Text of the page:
By Anne-Teresa Patt
A trigger for change within an organization can also come from external sources, for example:
Today, economic changes occur more frequently and regularly define the every day working processes of organizations. No wonder then, the term Business Transformation is being so widely discussed. However, it seems that there is no standardized approach to deal with this phenomenon. Business Transformation also carries negative connotations, due to many organizations facing great challenges as a result of its use. Yet within change also lies the possibility for potential improvement of processes and organization-wide performance. You should make the most of this!
Regardless of whether your organization is directing its transformation management in a targeted way or sees it as a reaction to forced regulatory changes; an intelligent combination of people, processes and technology is required. Many organizations can improve on one thing in particular; when processes and decisions are not documented in a standardized way, this strongly impedes the speed of effective reactive change. Many companies therefore get swallowed by transformations in the market. To avoid this, it’s important that you document structures and processes transparently from the outset. Being aware of the importance of change and having a readiness for restructuring firstly requires an awareness from employees of processes and structures.
Those who understand business processes and actively aid in their creation will also understand internal processes and be able to easily recognize and implement the optimization potential. Documented business processes are therefore your most important reference when referring to:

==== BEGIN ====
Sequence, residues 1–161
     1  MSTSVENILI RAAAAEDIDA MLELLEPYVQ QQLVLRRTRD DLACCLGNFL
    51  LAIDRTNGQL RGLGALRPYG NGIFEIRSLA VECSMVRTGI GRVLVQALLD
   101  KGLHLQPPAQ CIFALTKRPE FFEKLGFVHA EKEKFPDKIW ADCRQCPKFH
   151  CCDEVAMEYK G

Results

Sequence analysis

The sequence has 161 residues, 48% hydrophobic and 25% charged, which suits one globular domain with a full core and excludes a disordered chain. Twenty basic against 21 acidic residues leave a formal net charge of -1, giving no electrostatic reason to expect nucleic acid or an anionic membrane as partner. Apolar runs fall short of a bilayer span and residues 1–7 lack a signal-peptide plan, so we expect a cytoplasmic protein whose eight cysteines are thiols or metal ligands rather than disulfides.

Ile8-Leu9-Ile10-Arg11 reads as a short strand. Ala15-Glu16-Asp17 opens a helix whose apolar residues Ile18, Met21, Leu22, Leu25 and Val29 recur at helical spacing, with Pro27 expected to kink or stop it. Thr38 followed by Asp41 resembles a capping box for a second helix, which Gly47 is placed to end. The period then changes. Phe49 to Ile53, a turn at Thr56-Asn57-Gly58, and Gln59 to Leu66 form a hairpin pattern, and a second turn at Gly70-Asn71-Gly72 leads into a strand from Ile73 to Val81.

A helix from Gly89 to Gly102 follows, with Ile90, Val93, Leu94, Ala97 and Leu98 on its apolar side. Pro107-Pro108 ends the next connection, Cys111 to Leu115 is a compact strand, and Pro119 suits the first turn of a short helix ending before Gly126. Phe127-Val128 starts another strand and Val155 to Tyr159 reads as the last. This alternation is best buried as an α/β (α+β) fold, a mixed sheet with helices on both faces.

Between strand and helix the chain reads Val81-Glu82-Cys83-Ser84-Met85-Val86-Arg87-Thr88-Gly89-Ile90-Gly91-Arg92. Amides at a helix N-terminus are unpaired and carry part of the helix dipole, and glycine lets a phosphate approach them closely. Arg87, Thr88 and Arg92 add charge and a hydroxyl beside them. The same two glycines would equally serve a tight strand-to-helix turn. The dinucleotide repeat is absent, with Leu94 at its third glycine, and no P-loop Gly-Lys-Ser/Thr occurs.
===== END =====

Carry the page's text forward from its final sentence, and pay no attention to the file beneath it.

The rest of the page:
Processes are the key to successful transformation but documenting them is the first decisive step in adapting to new circumstances.
Furthermore, it is essential to connect processes with further influencing factors such as business decisions. Many organizations will confirm that a large part of transformation takes place on a compliance level, which leads to new questions: Which tasks do I still need to complete? How can we check compliance with these rules from now on? These questions are largely answered by issuing complex regulations that often necessitate training, where employees learn under which circumstances they can approve a claim or a loan. In individual cases, it is not always clear whether the standards are implemented and whether the changes are really taken into account. The creation of rules, the retraining of the workforce, the constant re-examining and checking are all costly endeavours in terms of time, effort, resources and money.
The management of operational business decisions on a process level can become the key for successful change with a modern Business Transformation platform. Previously, business decisions weren’t really considered part of Business Process Management initiatives. With modern systems, it’s possible to integrate decisions directly into process diagrams and still manage them separately – a method which makes the interfaces between processes and decisions visible, and ensures that every employee is aware under which conditions they can make a decision. With modern solutions, it’s even possible to automate decision as well as processes, saving a considerable amount of time. When regulatory requirements change, the foundation decision logic saved in the platform can be easily adjusted and automated so that you don’t have to check every individual case separately.
Structured management of daily processes and decisions is the foundation for successful implementation of change. When process and decision management is used throughout the organization can you react to change in an appropriate way and even work towards a new beginning.